There are few published autobiographical writings of workers from the first half of the nineteenth century. This in itself makes Robert Pounder’s notebooks of more than local interest, though those with a special interest in the West Riding textile industry should particularly appreciate their publication. Robert Pounder (1811-1857) already has a fragment of literary immortality in that he is quoted by Frederick Engels in his ‘Condition of the Working Class in England’ of 1845. However this ‘anikdote’, is not representative of the writings in Pounder’s notebooks. Whereas it is a second hand account of a place (Manchester) of which he knew little, his notebooks are full of immediate and intimate details of his own life in Leeds.
Like many autodidacts, Pounder had a magpie mind and it is reflected in the jumbled miscellany of material he recorded. His highly erratic orthography is also a reflection of someone self-taught but, for a man who was relatively literate, the idiosyncratic spelling of even familiar words like ‘America’ would suggest some degree of dyslexia. Deciphering this script must have been a difficult task and it would be pedantic to point out errors and misinterpretations that have crept in as a result. Ann Alexander, the editor, should be congratulated for her dedication in bringing Pounder’s writings to the attention of historians. Her introduction, summarising the content of the notebooks and various aspects of Pounder’s life, along with the numerous footnotes, are indispensible, although not without omissions.
The notebooks record material from 1827 to 1847 and include some earlier biographical details. It is perhaps easier for the reader to start with the ‘small notebook’ first, although it is second in the volume, since it contains information about Pounder’s early life. As well as references to contemporary events, the notebooks contain recipes for medicines, poems, inventories of belongings, snippets of financial accounts, acts of charity he received, genealogical details, records of wages and teazle prices. An anthology of Pounder’s own verse fills 75 pages of the 193 pages of transcribed notebook content. As a working man poet Pounder is not in the league of Ebenezer Elliott or John Clare, but as a record of the intimate thought and ideas of someone in his station of life it is invaluable. His political and religious beliefs, his joy, his grief, his love of nature and hatred of oppression all find naive and ingenuous expression in his verse.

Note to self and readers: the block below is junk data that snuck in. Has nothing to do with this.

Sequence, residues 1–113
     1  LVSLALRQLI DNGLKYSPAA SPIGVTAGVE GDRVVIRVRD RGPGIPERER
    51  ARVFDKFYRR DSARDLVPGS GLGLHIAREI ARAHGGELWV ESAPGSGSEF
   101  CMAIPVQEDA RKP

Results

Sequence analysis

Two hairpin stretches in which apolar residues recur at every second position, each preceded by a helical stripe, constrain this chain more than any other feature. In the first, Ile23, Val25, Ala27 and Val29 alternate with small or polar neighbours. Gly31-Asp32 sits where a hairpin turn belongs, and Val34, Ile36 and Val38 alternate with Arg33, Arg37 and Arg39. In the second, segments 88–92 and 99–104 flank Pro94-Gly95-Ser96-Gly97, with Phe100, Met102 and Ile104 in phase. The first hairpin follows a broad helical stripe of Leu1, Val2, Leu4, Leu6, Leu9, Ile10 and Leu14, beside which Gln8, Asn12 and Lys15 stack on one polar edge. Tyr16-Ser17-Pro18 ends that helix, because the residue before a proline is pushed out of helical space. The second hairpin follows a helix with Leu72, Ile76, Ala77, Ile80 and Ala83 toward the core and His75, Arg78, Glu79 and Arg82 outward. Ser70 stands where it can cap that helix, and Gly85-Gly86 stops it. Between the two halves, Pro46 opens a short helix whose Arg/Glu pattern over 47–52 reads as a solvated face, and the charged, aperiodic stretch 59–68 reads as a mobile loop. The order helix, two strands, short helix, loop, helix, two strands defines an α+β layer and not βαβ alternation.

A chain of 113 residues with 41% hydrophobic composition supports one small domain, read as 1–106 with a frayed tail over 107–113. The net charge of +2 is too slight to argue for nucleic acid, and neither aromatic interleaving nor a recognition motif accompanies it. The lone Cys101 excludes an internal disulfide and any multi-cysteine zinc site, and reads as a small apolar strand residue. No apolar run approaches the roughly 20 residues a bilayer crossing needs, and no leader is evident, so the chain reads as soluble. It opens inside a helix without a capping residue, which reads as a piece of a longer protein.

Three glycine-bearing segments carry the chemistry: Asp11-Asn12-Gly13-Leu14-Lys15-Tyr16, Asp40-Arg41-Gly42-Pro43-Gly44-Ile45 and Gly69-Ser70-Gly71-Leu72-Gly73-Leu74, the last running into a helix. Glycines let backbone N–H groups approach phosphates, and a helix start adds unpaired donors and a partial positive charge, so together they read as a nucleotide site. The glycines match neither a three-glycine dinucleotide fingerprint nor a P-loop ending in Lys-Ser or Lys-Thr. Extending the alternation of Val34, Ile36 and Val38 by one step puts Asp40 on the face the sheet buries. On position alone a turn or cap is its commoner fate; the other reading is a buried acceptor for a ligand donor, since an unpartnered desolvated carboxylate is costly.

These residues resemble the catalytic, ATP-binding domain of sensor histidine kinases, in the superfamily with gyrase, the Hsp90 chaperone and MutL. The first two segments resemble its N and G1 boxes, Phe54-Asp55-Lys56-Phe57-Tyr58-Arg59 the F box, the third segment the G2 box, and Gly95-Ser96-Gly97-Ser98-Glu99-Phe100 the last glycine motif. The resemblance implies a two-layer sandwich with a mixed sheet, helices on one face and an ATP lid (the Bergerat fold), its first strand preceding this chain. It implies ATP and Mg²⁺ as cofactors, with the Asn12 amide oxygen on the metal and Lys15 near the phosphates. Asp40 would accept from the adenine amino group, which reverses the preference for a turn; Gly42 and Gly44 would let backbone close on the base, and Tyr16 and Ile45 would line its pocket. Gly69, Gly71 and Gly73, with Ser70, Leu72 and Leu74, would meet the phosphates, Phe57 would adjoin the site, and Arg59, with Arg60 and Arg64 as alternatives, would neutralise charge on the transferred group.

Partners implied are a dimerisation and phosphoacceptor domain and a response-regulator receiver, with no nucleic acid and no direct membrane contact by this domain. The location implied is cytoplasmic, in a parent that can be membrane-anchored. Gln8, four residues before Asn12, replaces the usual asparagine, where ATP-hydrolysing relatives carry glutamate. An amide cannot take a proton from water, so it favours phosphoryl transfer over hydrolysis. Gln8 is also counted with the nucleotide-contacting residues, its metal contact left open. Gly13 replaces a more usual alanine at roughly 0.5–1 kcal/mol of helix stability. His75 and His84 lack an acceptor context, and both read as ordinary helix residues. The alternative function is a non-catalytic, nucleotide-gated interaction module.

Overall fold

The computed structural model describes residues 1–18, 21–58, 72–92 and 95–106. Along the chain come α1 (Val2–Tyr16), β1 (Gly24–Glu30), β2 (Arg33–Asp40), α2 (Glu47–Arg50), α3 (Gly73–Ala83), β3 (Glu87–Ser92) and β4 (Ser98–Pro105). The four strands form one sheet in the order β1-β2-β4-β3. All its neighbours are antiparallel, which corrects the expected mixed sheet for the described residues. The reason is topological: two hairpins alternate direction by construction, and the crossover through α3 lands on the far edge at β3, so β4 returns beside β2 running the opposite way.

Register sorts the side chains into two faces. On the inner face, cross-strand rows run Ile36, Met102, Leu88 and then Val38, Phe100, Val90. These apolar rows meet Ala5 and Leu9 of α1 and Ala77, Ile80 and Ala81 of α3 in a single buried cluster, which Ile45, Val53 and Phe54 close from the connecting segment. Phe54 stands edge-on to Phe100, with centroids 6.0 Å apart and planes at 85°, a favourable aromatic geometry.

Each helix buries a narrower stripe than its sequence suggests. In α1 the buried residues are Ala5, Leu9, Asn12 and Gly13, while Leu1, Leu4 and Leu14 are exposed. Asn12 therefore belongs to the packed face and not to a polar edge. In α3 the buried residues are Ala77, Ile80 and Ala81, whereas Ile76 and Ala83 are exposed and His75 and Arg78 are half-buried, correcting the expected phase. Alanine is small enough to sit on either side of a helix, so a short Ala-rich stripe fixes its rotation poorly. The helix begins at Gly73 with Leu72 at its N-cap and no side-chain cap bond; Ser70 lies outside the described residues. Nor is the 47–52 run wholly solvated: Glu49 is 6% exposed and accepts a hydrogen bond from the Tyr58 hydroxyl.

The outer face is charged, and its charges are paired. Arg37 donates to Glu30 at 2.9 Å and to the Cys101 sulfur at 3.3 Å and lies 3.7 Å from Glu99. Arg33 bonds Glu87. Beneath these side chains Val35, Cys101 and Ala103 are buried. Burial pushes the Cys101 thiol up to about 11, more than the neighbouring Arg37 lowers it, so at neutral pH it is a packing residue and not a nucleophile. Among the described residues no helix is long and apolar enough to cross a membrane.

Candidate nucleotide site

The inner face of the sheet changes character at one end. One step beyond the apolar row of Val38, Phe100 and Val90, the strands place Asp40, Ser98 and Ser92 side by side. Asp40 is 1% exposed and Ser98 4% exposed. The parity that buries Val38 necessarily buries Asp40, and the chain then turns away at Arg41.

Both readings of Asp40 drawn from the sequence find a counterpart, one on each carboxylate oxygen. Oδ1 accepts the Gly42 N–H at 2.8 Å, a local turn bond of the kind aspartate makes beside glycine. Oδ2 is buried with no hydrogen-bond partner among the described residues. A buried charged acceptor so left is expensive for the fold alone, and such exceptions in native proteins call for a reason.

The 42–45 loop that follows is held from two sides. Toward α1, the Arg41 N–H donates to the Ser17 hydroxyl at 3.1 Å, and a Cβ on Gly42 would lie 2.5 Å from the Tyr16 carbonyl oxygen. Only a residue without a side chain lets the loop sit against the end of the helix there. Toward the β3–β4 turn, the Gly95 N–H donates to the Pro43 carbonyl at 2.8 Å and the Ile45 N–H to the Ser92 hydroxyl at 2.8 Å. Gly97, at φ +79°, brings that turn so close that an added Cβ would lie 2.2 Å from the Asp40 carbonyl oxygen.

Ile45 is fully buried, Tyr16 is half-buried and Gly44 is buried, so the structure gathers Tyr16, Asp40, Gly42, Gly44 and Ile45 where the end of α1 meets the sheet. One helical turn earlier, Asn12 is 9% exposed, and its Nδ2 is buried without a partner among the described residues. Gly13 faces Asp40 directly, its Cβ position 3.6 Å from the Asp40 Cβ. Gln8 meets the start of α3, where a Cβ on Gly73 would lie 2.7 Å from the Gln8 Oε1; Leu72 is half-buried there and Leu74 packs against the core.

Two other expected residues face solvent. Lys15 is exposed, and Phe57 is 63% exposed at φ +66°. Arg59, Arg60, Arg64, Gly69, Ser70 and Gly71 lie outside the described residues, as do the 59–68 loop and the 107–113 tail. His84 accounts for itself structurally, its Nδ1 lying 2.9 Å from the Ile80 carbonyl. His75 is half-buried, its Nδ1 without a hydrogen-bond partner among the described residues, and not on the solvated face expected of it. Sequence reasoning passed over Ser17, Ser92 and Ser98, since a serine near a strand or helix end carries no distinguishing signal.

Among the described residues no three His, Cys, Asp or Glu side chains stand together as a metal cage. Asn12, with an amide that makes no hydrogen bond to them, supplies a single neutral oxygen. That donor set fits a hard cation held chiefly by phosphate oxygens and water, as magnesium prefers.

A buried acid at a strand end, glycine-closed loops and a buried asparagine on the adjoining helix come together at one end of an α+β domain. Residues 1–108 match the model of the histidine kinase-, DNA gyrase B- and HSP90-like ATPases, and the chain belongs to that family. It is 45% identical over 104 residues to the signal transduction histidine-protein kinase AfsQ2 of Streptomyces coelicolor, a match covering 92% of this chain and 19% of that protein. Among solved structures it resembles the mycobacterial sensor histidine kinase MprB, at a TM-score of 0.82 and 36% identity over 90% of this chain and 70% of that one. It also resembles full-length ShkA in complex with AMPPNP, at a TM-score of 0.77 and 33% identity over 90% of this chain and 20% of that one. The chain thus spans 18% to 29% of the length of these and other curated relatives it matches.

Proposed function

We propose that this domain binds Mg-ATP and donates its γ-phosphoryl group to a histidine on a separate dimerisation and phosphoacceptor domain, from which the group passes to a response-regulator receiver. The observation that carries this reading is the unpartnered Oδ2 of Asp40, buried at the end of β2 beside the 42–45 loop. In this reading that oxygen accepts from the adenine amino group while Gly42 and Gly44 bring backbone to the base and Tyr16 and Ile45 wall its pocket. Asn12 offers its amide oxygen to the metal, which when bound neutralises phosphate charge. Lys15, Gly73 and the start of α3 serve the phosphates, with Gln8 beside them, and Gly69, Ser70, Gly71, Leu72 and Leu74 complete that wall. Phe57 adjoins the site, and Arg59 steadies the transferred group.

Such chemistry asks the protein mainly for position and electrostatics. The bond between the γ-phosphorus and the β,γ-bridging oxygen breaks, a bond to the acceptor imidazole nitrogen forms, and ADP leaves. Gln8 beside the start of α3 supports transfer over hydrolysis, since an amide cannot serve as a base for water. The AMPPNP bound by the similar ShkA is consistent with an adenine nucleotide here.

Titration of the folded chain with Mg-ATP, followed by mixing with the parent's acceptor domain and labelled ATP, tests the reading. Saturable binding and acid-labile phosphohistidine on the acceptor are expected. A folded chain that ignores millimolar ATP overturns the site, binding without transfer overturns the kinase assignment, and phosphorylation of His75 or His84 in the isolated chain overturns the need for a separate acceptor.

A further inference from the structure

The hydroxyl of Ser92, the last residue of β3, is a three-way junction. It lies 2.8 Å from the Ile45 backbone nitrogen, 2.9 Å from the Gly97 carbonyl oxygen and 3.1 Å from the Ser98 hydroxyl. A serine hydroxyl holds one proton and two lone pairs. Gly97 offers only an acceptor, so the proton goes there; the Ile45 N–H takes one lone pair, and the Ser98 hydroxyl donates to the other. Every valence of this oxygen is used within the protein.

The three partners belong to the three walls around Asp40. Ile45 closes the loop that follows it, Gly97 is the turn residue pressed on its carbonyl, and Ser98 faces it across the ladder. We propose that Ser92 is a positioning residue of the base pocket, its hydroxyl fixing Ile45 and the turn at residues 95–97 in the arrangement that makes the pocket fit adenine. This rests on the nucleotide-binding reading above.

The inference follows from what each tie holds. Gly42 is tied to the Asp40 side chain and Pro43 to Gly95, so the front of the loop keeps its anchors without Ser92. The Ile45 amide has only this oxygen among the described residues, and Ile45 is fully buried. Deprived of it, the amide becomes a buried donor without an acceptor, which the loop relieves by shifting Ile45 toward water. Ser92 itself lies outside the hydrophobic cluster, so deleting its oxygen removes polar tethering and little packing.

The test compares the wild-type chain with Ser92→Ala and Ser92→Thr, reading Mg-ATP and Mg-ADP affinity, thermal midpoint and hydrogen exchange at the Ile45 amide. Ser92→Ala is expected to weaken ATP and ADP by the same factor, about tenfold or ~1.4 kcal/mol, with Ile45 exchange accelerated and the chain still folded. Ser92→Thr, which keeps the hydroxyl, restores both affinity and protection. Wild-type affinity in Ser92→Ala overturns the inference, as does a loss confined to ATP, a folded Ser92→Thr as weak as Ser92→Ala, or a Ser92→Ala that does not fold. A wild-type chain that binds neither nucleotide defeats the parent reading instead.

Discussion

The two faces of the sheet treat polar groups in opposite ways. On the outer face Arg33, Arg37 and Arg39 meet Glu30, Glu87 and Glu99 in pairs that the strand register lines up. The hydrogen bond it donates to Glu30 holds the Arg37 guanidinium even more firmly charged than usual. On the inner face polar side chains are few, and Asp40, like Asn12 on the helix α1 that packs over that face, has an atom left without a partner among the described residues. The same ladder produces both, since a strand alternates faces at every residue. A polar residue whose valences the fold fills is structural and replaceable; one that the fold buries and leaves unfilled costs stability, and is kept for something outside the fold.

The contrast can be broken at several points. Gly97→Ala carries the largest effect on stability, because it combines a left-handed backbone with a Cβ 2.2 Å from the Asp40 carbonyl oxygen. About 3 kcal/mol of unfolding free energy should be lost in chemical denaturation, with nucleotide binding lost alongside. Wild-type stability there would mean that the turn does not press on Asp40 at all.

The tantalizingly laconic references to political events and social movements can be frustrating since although Pounder’s life touched on many aspects of working class radical activity of the time, he chose not to record them in detail, at least in the surviving notebooks. That he was capable of such detailed journalism, notwithstanding his spelling problems, is clear from the two letters which Richard Oastler published in his ‘Fleet Papers’ and which are reproduced as an appendix to this volume, including the one reproduced by Engels.
Pounder was a teazle handle setter, and therefore part of the cloth finishing branch of the woollen industry. For a time he worked at Oatlands Mill at Woodhouse, which, in January 1812, suffered an arson attack attributed to the Luddites. However, his writings throw little light on what it was like to be in the cloth finishing trade in the years when hand finishing finally gave way to machinery, although he does note the impact it had on some of the small, decent master manufacturers, ruined by competition. In the 1830’s he was involved in the trade union movement, but his entry for May 10 1834, when Yorkshire trade unionists were locked in an epic battle for survival with the manufacturers says only, [His spelling] ‘This day 24 mills stopt on perpes to breck up the traids uinon which thee was 3,000 men and upwords thrown out of imployment besides children and women which…’, ending mid sentence. He was also a founding member of the Commercial Order in Leeds, a venture in cooperative production linked to the Owenite trade union about which we know little, but he records nothing other than this fact. His reference to the 1842 general strike pays more attention to troop movements than the activity of the strikers.
A staunch supporter of the Ten Hours Bill and opponent of the New Poor Law, Pounder was also a personal friend of Richard Oastler, (who visited his home and who referred to him as ‘Robert’ in a letter to the Northern Star), Rev G S Bull and of the leading West Riding radical and Chartist Lawrence Pitkethley, but he adds little to our knowledge about them. Similarly, although he shared a platform with the Chartist George Julian Harney, Pounder’s other involvement in the movement is unmentioned. He is also modest about his own role in the the allotment movement of which he was a leading promoter in Woodhouse.
However, although Pounder may be reticent about his political activity, his record of personal suffering in the 1840s as a sick and unemployed worker, compounded by loss of his wife, are vivid and moving. In his jottings and verse he says more about the ‘Hungry 40s’ than any economist’s analysis could. Despite the disjointed and eclectic nature of this record, it is a poignant account of an ordinary working man in the industrial revolution.
The Notebooks of Robert Pounder
Ann Alexander (Transcriber/Editor)
ISBN 978 0 900741 75 3
Illustrated and with maps.
This is a revised version of a review which appeared in The Local Historian Vol.46 No.3 July 2016